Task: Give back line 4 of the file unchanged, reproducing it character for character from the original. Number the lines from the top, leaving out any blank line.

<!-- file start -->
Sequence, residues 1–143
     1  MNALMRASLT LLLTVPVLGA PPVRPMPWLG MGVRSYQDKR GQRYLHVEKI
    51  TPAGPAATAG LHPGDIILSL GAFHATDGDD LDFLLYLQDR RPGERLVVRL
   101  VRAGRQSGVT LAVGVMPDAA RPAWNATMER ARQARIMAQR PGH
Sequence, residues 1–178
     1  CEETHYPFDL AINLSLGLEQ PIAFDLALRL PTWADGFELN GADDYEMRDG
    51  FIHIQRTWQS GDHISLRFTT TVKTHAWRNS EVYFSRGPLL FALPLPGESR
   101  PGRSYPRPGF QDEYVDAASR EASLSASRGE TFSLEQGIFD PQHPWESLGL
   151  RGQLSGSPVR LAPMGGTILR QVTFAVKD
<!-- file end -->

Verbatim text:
   101  VRAGRQSGVT LAVGVMPDAA RPAWNATMER ARQARIMAQR PGH